1428

thromboendareterectomy in selected patients with CTEPH was too restrictive and could

1429

contribute to suboptimal evaluation and treatment of patients with CTEPH. For example, because

1430

of improvements in surgical technique it is now often possible to remove organized thrombi from

1431

peripheral pulmonary arteries. In patients with inoperable CTEPH or persistent pulmonary

1432

hypertension after pulmonary thromboendarterectomy, there is new evidence from a randomized

1433

trial that pulmonary vasodilator therapy may be of benefit.164 For these reasons, we no longer

1434

identify central disease as a selection factor for thromboendarterectomy in patients with CTEPH,

1435

and we emphasize that patients with CTEPH should be assessed by a team with expertise in the

1436

evaluation and management of pulmonary hypertension.154,160,165-167

M
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D

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AC
C

1437

SC

1423

1438

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1439

26.

In selected patients with CTEPH who are identified by an experienced


thromboendarterectomy team, we suggest pulmonary thromboendarterectomy over

1441

no pulmonary thromboendarterectomy (Grade 2C).

1442

Remarks: Patients with CTEPH should be evaluated by a team with expertise in treatment

1443

of pulmonary hypertension. Pulmonary thromboendarterectomy is often life saving and

1444

life transforming. Patients with CTEPH who are not candidates for pulmonary

1445

thromboendarterectomy may benefit from other mechanical and pharmacological

1446

interventions designed to lower pulmonary arterial pressure.

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Thrombolytic Therapy in Patients with Upper Extremity Deep Vein Thrombosis

1450
1451

Summary of the Evidence

RI
PT

1452
1453

The AT9 recommendation was based on: (1) mostly retrospective observational studies

1455

suggesting that thrombolysis could improve short and long term venous patency, but a lack of

1456

data about whether thrombolysis reduced PTS of the arm; (2) occasional reports of bleeding in

1457

patients with upper extremity DVT (UEDVT) who were treated with thrombolysis, and clear

1458

evidence that thrombolysis increases bleeding in other settings; and (3) recognition that,

1459

compared to anticoagulation alone, thrombolytic therapy is complex and costly.1 1,168,169 We

1460

suggest that thrombolysis is most likely to be of benefit in patients who meet the following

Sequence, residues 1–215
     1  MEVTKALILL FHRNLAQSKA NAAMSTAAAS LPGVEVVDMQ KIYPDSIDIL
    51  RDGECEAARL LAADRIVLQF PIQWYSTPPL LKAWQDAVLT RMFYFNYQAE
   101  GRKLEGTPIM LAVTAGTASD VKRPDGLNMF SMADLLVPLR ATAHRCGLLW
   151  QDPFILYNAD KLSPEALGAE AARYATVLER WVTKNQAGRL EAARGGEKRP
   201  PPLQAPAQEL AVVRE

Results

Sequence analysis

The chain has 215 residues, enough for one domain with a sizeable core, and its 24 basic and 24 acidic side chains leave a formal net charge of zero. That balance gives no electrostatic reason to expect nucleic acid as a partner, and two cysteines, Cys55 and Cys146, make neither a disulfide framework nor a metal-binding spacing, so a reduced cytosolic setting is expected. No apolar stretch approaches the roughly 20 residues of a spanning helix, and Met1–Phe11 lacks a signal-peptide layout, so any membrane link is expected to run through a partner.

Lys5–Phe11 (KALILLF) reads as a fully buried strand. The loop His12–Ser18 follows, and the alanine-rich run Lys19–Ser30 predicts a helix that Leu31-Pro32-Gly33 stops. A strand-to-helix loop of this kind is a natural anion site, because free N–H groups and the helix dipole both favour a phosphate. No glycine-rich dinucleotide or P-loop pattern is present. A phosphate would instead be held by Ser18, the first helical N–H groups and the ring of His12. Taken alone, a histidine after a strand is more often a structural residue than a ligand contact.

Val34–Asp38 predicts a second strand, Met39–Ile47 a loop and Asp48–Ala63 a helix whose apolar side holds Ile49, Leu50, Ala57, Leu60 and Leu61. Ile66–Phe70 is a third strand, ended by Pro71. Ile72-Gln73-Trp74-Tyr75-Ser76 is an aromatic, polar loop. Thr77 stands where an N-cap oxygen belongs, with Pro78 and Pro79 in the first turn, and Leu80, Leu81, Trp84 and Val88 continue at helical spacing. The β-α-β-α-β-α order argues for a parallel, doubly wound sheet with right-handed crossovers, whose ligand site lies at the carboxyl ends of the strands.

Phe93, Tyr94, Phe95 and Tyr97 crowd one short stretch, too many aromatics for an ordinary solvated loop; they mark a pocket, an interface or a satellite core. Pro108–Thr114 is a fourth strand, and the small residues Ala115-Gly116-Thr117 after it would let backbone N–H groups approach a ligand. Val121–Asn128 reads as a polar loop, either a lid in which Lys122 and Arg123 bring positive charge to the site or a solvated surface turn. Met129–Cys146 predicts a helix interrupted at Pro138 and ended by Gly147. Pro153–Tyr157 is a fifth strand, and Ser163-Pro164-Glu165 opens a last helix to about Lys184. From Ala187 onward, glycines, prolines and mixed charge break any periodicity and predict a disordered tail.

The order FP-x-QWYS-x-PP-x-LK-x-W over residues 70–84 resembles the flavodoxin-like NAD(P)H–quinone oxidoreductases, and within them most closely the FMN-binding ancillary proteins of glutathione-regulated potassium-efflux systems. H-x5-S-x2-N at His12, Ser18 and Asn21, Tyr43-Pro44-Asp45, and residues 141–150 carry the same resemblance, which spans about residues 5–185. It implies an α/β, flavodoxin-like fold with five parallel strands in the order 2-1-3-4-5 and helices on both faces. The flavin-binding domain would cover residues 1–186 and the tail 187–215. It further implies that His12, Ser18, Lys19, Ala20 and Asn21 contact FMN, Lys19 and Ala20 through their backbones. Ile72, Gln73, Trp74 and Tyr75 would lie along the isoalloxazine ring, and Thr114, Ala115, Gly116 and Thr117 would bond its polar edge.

1461

criteria: severe symptoms; thrombus involving most of the subclavian vein and the axillary vein;

1462

symptoms for <14 days; good functional status; life expectancy of 1 year; and low risk for

1463

bleeding. We also suggested CDT over systemic thrombolysis to reduce the dose of thrombolytic

1464

drug and the risk of bleeding. There is new moderate quality evidence that CDT can reduce PTS

1465

of the leg91 (Table 14, eTable 15) and that systemic thrombolysis increases bleeding in patients

1466

with acute PE144,148, and low quality evidence that CDT can accelerate breakdown of acute PE155.

1467

This evidence has indirect bearing on thrombolysis in patients with UEDVT, but it has not

1468

changed the overall quality of the evidence or our recommendations for use of thrombolysis in

1469

these patients.

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1470
1471

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27.

In patients with acute UEDVT that involves the axillary or more proximal veins, we
suggest anticoagulant therapy alone over thrombolysis (Grade 2C).

1474

Remarks: Patients who (i) are most likely to benefit from thrombolysis (see text); (ii)

1475

have access to CDT; (iii) attach a high value to prevention of PTS; and (iv) attach a lower

1476

value to the initial complexity, cost, and risk of bleeding with thrombolytic therapy are

1477

likely to choose thrombolytic therapy over anticoagulation alone.

RI
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1473

1479

28.

SC

1478

In patients with UEDVT who undergo thrombolysis, we recommend the same


intensity and duration of anticoagulant therapy as in patients with UEDVT who do

1481

not undergo thrombolysis (Grade 1B).

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Management of Recurrent Venous Thromboembolism on Anticoagulant Therapy

1486
1487

Summary of Evidence

RI
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1488
1489

There are no randomized trials or prospective cohort studies that have evaluated management of

1491

patients with recurrent VTE on anticoagulant therapy. Consequently, management is based on

1492

low quality evidence and an assessment of the probable reason for the recurrence. Risk factors

1493

for recurrent VTE while on anticoagulant therapy can be divided into two broad categories: (1)

1494

treatment factors; and (2) the patient's intrinsic risk of recurrence. How a new event should be

1495

treated will depend on the reason(s) for recurrence.

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1496

1498
1499

Treatment factors

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The risk of recurrent VTE decreases rapidly after starting anticoagulant therapy, with a much

1501

higher risk during the first week (or month) compared to the second week (or month).170,171 A

1502

recurrence soon after starting therapy can generally be managed by a time limited (e.g. 1 month)

1503

period of more aggressive anticoagulant intensity (e.g. switching from an oral agent back to

1504